I know what the sliders are in my case, but I can’t seem to decide where to place my thesis. If I could find a way to both capture all the insights and create some sort of framework that could be helpful for others to use as well, with a few examples of things that I can make and have people test, that would be my ideal thesis at this point. But is it realistic that I can do all of that within the next 5 months?
Immersing myself into the dark
This past Friday I went to Dialog in The Dark to get a better understanding of what it’s like to be blind in New York City. To try this in a safe environment, the audience goes through four rooms that are created to represent different spaces in New York. This involves cobblestones and fountains in Central Park, grocery shopping, a subway ride and the traffic madness at Times Square.
My first reaction when they dimmed the lights down was panic. I wasn’t sure if I would be able to go through the experience without the sensory input that I’m relying on the most in my daily life. I was scared, but a very mirthful guy named Kerry came to introduce himself as our guide and told us to just follow his voice. Kerry gradually lost his vision when he was 18 years old and have been blind for 30 years now.
The tour involved soundtracks of the different environments, smells and lots of objects or surfaces that helped us navigate. We use our mental memory of objects and situations to interpret the exhibition, but I was surprised by how exhausting this was. I spent a great amount of energy compensating with my other senses and in my brain trying to create an understanding of my surroundings. And still, this was in a constructed environment without true dangers.
Kerry still relies on his mental memory from when he could see, but adjusting to the dark was very challenging for him at the time it happened. There are so many new things to learn and ways that you need to restructure your life. Somehow I imagine that your brain must create more connections and that the amplified input from other senses may help you evolve in directions you wouldn’t have otherwise. But it is not hard to understand that people struggle with accepting the change and become depressed.
At the end of the tour when the lights were dimmed back to normal again, I knew that I wanted to explore this further.
What is my core?
In order to settle on what I should dedicate my thesis to, I am looking through some of the work I’ve done previously that I feel really represents me and that I enjoyed working on.
This started out as a urban space and branding assignment during my undergrad, but turned in to an exhibition and a series of installations that school classes can explore. The goal was to teach children about architecture and different structures, and I used parallells from animal architecture to make these matters more approachable for both students and teachers. Researching all the material for this project, was incredibly fun. I got to dive down in to a world of amazing facts of things that are going on out in the world, that I don’t think about on a daily basis. Urban life today is very human-centered and developing this broader perspective, was very valuable to me and something I really wanted others to experience.
Encouraging more sustainability without moralizing
Facilitating learning experiences and increase people’s perspective
This project came together based on a deep frustration with seeing how an increased number of rapes in my hometown was paralyzing the people and the feeling of “there must be a way to prevent this”. I did the project as my final assignment for the cybernetics class with Paul Pangaro, so the focus was mainly on creating models of the current system that show where it is broken and to find potential intervention points.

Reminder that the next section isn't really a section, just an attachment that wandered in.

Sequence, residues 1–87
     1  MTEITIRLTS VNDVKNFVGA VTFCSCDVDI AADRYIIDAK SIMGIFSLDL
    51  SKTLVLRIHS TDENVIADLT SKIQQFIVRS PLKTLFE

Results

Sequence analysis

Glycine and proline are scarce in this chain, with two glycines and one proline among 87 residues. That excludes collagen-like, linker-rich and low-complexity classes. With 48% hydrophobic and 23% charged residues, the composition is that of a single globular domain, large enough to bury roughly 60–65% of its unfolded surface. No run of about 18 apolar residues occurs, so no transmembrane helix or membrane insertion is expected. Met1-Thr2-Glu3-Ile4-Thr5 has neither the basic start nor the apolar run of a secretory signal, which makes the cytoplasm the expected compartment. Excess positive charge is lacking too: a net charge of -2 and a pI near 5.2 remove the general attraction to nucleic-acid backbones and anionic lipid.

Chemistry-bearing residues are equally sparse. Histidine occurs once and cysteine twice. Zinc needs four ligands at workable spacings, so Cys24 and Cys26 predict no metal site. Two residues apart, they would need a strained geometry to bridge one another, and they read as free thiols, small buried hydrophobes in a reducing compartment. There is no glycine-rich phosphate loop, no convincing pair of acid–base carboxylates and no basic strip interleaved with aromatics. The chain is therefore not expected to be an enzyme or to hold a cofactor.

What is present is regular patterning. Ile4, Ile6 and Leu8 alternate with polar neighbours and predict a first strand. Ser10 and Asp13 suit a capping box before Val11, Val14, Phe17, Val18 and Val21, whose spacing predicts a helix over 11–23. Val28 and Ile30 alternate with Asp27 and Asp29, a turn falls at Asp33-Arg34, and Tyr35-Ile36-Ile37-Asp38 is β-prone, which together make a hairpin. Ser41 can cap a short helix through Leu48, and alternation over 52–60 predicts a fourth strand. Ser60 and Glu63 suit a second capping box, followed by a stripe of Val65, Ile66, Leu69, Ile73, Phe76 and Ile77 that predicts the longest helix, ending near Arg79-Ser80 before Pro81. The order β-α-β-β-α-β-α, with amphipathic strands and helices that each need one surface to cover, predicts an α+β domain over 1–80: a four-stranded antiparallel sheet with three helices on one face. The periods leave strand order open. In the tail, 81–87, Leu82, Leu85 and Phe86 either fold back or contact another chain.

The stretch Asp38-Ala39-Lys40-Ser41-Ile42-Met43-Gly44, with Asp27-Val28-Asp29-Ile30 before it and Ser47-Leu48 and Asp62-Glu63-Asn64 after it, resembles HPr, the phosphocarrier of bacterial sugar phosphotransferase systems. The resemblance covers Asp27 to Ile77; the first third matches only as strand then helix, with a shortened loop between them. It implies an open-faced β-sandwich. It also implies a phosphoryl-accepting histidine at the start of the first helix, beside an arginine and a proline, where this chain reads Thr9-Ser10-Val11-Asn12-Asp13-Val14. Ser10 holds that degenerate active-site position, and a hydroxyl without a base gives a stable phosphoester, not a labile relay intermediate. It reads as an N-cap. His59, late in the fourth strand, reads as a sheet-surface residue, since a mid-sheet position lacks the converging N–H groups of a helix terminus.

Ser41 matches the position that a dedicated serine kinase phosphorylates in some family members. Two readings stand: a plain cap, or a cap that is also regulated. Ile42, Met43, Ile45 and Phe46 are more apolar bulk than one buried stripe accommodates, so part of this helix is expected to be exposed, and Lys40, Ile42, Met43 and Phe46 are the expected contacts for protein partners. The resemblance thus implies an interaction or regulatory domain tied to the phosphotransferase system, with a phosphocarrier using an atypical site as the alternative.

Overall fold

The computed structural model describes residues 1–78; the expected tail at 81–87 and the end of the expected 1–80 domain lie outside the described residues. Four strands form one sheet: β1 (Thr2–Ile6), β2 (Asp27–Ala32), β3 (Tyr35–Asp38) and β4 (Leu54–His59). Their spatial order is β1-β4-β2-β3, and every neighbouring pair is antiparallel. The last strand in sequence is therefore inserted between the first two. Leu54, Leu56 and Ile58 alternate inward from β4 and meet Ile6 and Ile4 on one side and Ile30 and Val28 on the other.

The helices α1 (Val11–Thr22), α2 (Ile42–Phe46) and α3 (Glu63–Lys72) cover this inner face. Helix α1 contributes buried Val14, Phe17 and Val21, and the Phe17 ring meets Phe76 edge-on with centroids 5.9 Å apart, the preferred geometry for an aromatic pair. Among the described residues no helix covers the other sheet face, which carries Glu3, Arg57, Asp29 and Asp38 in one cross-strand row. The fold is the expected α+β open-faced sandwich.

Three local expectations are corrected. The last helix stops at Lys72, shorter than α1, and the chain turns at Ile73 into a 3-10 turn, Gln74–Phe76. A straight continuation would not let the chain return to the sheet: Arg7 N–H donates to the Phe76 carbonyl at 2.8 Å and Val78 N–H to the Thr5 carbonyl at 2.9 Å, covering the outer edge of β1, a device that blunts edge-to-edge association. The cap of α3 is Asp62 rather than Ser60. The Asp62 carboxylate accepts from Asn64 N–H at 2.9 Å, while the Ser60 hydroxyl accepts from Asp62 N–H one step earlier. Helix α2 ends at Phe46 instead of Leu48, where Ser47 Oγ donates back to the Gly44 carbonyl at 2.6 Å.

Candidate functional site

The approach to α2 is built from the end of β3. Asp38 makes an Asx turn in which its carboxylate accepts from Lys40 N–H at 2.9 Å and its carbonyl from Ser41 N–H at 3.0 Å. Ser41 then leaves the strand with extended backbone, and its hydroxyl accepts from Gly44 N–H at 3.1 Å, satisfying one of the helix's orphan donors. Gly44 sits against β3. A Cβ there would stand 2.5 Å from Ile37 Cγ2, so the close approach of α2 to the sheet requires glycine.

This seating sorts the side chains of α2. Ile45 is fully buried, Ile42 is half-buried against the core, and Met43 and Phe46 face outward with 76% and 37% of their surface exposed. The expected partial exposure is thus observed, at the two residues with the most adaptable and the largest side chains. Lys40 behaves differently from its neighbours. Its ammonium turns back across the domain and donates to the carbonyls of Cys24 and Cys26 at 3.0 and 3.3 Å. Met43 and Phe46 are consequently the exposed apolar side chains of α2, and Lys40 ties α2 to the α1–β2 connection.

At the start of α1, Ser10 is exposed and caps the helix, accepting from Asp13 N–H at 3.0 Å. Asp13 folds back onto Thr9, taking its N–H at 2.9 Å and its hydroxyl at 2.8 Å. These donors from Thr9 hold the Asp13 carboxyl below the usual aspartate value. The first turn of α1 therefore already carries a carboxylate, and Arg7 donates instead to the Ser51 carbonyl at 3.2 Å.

Attacking a problem that few people have tried to solve
Breaking a complex problem into comprehensible pieces
Challenging and hopefully changing people’s preconceptions
This project came out of a potential I saw after moving to New York and living amongst so many people with resources that don’t know their own neighbors. I wanted to develop a service where peers could help each other out with smaller favors. And I wanted this to be about building relationships and not making transactions. Therefore, one of the main challenges was to design this system in a way that people would want to contribute without being paid directly for their time.
Creating relationships between people and foster communities
Encouraging people to use and develop their skills more
I spend about 90 minutes on my bike on a daily basis. This time often serves as the time during the day when my mind can wonder off and I know I can’t do any work so I might as well think about silly unimportant things. But today I needed some extra motivation and I decided to listen to old Radiolab podcasts while I biked in to school (one ear dedicated to the traffic). It made waiting for the red light more exciting and I came in to school with some fascinating insights about whale falls and Transient Global Amnesia (TGA). In hindsight, what I thought was so interesting about this, was how the places I passed on my bike ride became the markers for the different stories that I heard. The story about the ecosystem whales create when they die and sink down to the bottom of the ocean, lined perfectly up with my stretch along the Hudson River.
This experience reminded me of how our memory is stimulated by having visual journey references to the things that we learn because it creates more connections in our brains. If I can’t remember the story I heard before the one about whale falls, I can think about what I was listening to when I passed City Hall. The sound of degrading analog cassettes - there we go! And all of a sudden the entire episode has visual references - in addition to the ones your imagination creates bassed on what you hear - that helps me remember both the storyline and the content.
I’ve thought a lot about mapping music to different locations where you have listened to it, more as a way of recalling old memories. But the potential of stimulating your memory this way to learn new things is interesting. I’ve never really managed creating these mental journeys in order to remember things. Moving in real space seems to be working a lot better. I need to get on my bike and see how this works when I reverse the experience!
Tickets for the cheese celebration here
The Cheese Map is here! If you live in the New York-state area and you love cheese (duh, you love cheese), drop by The Bedford Cheese Shop to celebrate the world’s finest cheeses, some good tunes, and a preview of the completed maps.